First accepts Bristol Pounds
In what is thought to be a first for public transport, First in the West of England has started accepting Bristol Pounds as payment for travel on its buses. Any change owed will be paid where possible in Bristol Pounds, although it is most likely to be tendered in sterling. Passengers will also be able to use Bristol Pound’s ‘Txt2Pay’ service in First’s Travel Shop in the city’s bus station. The operator has now signed up as an Associate of the scheme, which is run as a not for profit partnership between Bristol Credit Union and Bristol Pound Community Interest Company. Full membership of the project, with voting rights at the Bristol Credit Union, is largely reserved for locally owned businesses and individuals living in and around the city. However, First has been allowed to join as a non-voting associate.
Bristol’s own currency was unveiled in September 2012. Like similar schemes in the UK, the Bristol Pound is intended to help keep money in the area’s economy, so as part of its membership First in West of England is also committed to using any Bristol Pounds it collects to pay for some of those local services it uses. For instance, the company will use money collected to help pay its business rates to Bristol City Council and will be looking at other ways the local money can be re-spent, for instance through its staff canteens. In addition the company has also pledged to offer staff the chance to be paid in Bristol Pounds if they would like to take some or all of their wages in this way.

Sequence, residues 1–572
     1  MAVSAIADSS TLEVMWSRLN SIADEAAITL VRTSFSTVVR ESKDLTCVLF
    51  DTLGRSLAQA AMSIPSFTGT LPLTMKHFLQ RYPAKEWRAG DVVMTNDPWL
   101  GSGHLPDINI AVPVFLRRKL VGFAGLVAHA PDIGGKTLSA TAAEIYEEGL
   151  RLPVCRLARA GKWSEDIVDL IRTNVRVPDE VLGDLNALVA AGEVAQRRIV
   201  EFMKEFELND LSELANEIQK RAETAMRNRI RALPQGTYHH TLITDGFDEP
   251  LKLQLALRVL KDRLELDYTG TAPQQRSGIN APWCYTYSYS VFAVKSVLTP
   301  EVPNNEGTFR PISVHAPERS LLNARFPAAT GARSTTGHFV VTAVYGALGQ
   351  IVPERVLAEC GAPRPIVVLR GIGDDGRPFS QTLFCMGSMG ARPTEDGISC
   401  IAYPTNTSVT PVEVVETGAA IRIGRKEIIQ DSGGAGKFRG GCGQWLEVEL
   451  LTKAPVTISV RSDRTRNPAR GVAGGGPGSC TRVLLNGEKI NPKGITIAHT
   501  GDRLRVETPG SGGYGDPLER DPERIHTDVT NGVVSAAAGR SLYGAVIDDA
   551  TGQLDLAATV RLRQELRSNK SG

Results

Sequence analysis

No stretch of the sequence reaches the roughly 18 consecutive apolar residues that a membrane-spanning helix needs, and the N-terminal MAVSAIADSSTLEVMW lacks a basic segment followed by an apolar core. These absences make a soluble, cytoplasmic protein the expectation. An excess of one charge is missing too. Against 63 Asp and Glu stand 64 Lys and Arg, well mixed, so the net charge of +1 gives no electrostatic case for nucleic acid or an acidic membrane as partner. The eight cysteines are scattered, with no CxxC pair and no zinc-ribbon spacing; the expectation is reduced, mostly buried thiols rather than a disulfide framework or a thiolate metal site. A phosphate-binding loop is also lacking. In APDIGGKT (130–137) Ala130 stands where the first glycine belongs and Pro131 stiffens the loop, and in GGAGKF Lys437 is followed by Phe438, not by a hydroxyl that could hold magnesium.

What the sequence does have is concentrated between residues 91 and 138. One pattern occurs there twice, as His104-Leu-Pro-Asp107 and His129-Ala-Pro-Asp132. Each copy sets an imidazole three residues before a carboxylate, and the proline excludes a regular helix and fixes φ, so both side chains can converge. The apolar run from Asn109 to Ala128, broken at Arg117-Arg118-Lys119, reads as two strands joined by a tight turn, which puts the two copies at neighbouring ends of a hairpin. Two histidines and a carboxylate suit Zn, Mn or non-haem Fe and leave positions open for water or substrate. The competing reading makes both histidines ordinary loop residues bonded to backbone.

Interim MD for First in West of England, Paul Matthews, said, ‘We believe we are the first bus company in the UK to sign up to join a local currency scheme so this represents an exciting time for us. Before we signed up we’d had a few requests from Bristol Pound users for us to accept the currency on the buses, mainly asking us through our Twitter account if we’d consider it. They recognised, as did the people behind the Bristol Pound, that having the money accepted on buses gives the scheme an added level of visibility. We are pleased that we’ve been able to follow through on this and we’re delighted to be able to launch our involvement in the scheme. The Bristol Pound has been going for a year and it has developed a loyal following. We hope that in working with the organisers we can help to increase usage further, providing a welcome boost for the local economy at the same time.’